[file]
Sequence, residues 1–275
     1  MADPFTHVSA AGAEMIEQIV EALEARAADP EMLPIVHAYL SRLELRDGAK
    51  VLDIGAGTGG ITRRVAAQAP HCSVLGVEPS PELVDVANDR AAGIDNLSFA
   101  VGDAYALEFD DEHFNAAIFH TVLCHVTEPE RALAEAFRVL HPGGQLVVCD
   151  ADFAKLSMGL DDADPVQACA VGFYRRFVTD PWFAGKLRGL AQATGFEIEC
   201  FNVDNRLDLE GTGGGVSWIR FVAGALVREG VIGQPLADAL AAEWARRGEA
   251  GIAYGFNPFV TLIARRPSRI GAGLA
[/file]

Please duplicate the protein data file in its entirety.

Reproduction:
Sequence, residues 1–275
     1  MADPFTHVSA AGAEMIEQIV EALEARAADP EMLPIVHAYL SRLELRDGAK
    51  VLDIGAGTGG ITRRVAAQAP HCSVLGVEPS PELVDVANDR AAGIDNLSFA
   101  VGDAYALEFD DEHFNAAIFH TVLCHVTEPE RALAEAFRVL HPGGQLVVCD
   151  ADFAKLSMGL DDADPVQACA VGFYRRFVTD PWFAGKLRGL AQATGFEIEC
   201  FNVDNRLDLE GTGGGVSWIR FVAGALVREG VIGQPLADAL AAEWARRGEA
   251  GIAYGFNPFV TLIARRPSRI GAGLA